I first heard about the world of climbing tall trees in 2005, when Richard Preston wrote in The New Yorker about venturing to the top of a California redwood. Ascending these endangered trees is prohibited by law on state land (other than for scientists conducting research). Still, my interest was piqued. I’m a mountaineer, so trading a snow-covered peak for an old-growth tree felt like a no-brainer.
And while California redwoods are off-limits, Douglas firs in Oregon’s H. J. Andrews Experimental Forest, 50 miles east of Eugene, are not, and climbing them is sanctioned by the Willamette National Forest in the name of visitor education.
The Andrews encompasses a 15,800-acre watershed within the Willamette National Forest, in the foothills of the Cascade Range, and has been forming since around 1516. Some of the trees are hundreds of years old, but many are not, making it biologically diverse and rich with species that depend on the unique habitat of this temperate rain forest. Andrews is the most studied primal forest ecosystem on the continent, and perhaps the planet, according to science writer Jon R. Luoma.
In April, I found myself at the base of one of these Douglas firs, staring up its thick trunk, which stretched so high that I couldn’t locate its top in the clouds. “More people have been to the summit of Mount Everest than have been to the top of an old-growth tree,” arborist Rob Miron said as we took in the fir called Sophia but known as the Meltdown Tree. The Meltdown Tree (so named because a park ranger once “had a meltdown” about some forestry-related business underneath it) is 500 years old and more than 240 feet tall, rising almost as high as a 25-story building. At base, its trunk measures more than 20 feet in circumference.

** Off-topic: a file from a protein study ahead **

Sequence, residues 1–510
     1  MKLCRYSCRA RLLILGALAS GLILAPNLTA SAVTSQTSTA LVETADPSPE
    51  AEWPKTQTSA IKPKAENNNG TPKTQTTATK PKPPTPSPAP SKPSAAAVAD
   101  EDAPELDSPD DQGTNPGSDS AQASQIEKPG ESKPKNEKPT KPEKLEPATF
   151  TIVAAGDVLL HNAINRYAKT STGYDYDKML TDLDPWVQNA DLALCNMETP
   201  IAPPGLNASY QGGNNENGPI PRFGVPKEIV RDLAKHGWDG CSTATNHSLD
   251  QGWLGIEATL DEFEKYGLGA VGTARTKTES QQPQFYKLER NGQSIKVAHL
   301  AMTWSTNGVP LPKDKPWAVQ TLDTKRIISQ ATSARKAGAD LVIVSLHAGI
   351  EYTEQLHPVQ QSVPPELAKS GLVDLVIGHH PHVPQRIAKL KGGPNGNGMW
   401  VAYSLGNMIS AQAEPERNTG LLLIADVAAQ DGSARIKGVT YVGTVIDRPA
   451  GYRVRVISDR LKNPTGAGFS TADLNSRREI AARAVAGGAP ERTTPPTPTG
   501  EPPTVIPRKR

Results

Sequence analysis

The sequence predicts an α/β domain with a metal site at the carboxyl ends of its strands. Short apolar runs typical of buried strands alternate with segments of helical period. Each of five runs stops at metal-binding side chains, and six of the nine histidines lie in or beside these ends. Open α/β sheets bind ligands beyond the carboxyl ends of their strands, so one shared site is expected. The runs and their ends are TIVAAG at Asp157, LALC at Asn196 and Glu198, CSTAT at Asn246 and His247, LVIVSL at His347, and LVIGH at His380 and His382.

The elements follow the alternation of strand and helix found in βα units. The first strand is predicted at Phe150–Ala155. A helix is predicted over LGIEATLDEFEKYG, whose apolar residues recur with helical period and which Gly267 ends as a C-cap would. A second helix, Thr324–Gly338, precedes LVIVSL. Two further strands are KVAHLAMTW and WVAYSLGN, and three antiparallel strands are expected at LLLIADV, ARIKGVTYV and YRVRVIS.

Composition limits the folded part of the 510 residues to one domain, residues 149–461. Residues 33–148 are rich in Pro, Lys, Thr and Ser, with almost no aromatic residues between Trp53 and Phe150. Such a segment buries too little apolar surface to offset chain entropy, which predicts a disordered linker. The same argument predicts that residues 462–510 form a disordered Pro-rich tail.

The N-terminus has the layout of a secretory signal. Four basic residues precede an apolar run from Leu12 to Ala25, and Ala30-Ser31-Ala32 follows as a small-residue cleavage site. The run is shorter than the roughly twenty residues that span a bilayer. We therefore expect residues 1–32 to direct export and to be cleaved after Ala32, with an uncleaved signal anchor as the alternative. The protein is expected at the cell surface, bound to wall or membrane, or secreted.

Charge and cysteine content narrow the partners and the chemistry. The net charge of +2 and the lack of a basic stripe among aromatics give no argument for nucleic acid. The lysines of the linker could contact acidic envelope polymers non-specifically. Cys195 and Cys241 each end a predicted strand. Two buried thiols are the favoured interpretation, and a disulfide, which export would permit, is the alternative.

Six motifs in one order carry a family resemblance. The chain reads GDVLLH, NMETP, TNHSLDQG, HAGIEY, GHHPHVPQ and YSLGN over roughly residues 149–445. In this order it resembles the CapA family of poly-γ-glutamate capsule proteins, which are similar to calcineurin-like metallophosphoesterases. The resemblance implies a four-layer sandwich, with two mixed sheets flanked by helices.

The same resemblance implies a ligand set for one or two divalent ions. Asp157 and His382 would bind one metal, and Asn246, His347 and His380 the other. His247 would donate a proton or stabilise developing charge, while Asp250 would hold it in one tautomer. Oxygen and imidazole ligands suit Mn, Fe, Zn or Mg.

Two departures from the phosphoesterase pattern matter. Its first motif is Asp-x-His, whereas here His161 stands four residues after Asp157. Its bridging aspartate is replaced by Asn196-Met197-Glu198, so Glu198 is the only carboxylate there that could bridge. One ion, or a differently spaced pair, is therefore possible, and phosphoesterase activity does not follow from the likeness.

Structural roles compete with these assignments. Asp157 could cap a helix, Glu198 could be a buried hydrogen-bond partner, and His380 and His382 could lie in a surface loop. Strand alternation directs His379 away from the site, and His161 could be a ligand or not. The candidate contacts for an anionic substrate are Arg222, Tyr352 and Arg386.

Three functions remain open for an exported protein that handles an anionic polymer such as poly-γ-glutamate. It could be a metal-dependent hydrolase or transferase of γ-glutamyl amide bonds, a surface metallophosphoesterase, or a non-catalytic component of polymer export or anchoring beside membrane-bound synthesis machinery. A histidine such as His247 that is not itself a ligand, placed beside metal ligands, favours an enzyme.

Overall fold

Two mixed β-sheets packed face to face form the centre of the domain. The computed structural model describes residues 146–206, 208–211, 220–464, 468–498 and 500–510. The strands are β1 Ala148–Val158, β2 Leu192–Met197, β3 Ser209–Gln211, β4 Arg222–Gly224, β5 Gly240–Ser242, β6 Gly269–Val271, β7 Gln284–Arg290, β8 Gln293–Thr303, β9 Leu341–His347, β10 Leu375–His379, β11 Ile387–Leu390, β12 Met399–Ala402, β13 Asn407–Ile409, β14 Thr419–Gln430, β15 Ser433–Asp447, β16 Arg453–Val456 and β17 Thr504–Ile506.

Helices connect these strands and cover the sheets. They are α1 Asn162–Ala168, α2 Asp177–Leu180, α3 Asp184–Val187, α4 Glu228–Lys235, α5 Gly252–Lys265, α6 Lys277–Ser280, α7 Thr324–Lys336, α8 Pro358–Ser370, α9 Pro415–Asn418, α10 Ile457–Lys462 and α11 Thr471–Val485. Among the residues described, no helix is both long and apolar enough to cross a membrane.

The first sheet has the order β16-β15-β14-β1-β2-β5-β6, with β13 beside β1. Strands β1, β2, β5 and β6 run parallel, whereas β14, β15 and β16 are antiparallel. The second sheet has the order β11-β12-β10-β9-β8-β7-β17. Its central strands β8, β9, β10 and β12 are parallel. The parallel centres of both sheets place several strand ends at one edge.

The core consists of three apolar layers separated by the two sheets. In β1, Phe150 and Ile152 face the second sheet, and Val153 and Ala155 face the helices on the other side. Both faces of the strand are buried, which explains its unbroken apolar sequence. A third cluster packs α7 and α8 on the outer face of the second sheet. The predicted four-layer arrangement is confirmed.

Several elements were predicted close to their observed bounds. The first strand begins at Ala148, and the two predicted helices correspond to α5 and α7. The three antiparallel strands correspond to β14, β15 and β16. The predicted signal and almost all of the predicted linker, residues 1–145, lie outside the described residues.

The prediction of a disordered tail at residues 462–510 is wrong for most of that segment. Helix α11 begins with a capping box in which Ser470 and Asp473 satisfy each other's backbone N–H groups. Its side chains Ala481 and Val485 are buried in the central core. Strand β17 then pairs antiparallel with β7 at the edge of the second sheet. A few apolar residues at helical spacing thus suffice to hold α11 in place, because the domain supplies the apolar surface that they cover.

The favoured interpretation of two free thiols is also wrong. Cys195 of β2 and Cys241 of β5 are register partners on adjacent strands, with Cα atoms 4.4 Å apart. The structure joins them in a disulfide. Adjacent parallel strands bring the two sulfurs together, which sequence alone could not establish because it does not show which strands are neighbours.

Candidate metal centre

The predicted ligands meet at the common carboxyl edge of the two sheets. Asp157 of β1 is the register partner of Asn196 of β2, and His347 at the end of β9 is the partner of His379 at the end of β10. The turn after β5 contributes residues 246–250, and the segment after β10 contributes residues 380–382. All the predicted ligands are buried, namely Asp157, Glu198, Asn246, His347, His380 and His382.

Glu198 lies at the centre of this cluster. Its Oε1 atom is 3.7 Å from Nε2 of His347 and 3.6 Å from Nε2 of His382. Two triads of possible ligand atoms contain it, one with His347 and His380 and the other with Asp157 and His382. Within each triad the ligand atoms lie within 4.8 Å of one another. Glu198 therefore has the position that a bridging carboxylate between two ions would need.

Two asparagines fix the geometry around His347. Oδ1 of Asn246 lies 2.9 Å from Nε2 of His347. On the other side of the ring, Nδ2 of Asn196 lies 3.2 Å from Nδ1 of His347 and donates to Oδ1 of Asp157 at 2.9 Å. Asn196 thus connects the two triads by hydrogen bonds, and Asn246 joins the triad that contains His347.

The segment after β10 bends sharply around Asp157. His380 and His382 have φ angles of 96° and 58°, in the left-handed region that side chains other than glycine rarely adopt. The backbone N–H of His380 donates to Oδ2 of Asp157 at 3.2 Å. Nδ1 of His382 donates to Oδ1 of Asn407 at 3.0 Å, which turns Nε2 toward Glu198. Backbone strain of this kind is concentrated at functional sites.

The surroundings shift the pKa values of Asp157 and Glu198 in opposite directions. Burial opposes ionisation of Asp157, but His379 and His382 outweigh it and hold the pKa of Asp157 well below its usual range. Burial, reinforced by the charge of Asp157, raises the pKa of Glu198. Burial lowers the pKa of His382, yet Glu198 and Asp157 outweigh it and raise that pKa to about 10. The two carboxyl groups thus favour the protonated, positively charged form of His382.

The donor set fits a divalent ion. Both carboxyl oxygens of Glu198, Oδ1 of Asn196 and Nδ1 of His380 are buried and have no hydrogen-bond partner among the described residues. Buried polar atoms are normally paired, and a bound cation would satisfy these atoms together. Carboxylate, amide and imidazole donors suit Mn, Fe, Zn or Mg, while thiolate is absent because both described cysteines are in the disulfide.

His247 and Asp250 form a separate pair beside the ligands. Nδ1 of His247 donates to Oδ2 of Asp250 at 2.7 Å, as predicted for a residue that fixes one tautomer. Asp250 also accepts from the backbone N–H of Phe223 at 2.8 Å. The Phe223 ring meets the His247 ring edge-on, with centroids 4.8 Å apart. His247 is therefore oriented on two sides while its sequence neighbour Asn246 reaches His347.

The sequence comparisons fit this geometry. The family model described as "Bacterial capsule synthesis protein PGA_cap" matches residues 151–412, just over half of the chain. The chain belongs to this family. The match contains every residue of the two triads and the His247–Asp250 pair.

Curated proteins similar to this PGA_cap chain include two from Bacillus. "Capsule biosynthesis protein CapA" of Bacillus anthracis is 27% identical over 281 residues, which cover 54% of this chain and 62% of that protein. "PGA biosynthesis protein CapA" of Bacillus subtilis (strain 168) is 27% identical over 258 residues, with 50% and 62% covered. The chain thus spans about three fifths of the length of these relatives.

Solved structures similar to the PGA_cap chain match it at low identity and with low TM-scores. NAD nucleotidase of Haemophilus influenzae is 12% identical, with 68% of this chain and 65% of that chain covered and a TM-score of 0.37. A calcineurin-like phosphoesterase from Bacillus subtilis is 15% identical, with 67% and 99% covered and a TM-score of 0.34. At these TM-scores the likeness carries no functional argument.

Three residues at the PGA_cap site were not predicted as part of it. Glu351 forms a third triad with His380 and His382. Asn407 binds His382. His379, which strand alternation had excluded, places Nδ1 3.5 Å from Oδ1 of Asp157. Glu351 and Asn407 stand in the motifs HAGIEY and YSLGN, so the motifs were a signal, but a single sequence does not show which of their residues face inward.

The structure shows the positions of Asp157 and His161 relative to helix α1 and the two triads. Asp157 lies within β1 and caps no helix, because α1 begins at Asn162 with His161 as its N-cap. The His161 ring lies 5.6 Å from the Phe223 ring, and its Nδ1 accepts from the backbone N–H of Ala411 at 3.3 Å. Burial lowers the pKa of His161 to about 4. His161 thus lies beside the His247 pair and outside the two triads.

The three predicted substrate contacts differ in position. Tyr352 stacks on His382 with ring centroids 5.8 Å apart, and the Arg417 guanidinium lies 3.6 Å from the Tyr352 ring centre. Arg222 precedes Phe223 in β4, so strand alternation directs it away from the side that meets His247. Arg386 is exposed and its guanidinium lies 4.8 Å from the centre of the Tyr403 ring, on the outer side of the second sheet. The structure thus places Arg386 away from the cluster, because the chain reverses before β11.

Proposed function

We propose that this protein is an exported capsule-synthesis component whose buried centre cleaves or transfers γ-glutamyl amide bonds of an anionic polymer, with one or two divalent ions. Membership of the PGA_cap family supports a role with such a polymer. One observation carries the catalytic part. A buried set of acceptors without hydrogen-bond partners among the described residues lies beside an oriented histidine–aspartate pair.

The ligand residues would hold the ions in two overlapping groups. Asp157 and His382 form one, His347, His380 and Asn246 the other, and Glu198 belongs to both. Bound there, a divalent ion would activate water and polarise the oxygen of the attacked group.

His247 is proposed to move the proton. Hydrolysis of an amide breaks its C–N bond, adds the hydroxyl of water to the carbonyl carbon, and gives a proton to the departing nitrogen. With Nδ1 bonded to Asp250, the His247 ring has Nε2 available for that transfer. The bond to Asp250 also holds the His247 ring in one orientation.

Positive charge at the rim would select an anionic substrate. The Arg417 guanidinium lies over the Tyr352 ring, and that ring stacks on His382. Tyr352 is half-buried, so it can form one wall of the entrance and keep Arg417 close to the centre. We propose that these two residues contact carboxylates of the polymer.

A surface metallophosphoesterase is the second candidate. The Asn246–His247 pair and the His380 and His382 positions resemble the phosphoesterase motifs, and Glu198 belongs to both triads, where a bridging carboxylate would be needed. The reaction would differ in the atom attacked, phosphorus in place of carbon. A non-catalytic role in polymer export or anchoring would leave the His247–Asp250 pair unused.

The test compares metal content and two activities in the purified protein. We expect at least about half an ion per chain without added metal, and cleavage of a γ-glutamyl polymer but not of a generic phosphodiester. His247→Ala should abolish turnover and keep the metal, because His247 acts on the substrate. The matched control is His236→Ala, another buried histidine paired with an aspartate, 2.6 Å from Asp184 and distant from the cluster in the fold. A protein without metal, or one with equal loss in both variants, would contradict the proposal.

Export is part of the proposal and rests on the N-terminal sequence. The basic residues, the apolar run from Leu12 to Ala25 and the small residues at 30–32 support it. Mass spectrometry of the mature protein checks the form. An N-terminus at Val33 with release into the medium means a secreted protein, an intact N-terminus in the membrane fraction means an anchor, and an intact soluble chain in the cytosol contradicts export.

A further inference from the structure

Miron, 33, leads curious adventurers and research scientists through this forest and up its trees under the auspices of the Pacific Tree Climbing Institute (PTCI), a guide service founded by his mother, also a certified arborist, in 2004. Seven of us—including Miron’s team: Eric Millard, an arborist and a competitor in the North American Tree Climbing Championship; Sarah Ward, a tree biologist (and Rob’s girlfriend); and Rich Hill, who teaches aerial rescue for arborists (chainsaw injuries and impact wounds from falling branches are common professional hazards)—planned to make our way up the tree and spend the night there, sleeping in hammocks suspended from its branches.
The lowest branch on the Meltdown Tree juts out of the trunk 80 feet above the ground, so climbing it is done via rope using an ascending device. Each ascender has a handle on the user’s side and a clamp on the other with teeth that, when weighted, grip the rope but can slide freely upward when the weight is removed. In short, the technique for climbing ropes with ascenders mimics climbing a ladder; the more weight you put on your feet, the easier it is to do. (To get the ropes up to the lowest branch from the ground to begin with, Miron uses a compound bow and arrow.)